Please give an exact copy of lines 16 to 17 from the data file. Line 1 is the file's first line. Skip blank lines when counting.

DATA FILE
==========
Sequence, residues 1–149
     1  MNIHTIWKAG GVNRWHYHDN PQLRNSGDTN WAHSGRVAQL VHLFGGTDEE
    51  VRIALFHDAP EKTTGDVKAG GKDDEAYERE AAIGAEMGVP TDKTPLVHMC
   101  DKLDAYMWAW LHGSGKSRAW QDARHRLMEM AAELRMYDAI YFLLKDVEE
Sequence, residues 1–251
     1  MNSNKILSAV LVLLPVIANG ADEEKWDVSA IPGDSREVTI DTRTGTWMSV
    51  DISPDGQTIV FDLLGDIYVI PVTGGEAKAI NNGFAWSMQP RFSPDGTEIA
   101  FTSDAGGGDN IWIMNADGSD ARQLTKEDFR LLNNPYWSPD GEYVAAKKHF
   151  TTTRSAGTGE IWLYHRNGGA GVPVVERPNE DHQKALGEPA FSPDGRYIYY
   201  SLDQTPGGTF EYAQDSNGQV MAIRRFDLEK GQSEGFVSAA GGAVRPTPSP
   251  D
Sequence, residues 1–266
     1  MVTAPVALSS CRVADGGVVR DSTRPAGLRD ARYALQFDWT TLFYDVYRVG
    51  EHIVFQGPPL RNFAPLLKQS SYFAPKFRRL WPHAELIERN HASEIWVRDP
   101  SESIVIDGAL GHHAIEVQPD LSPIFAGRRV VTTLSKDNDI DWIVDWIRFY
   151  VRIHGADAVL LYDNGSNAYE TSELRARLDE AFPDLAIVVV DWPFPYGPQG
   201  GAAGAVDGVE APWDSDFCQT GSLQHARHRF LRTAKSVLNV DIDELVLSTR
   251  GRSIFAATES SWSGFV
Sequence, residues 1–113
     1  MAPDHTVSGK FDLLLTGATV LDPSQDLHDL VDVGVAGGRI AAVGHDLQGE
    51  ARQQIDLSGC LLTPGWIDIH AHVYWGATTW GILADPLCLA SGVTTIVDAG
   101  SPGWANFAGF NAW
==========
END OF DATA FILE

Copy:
   151  VRIHGADAVL LYDNGSNAYE TSELRARLDE AFPDLAIVVV DWPFPYGPQG
   201  GAAGAVDGVE APWDSDFCQT GSLQHARHRF LRTAKSVLNV DIDELVLSTR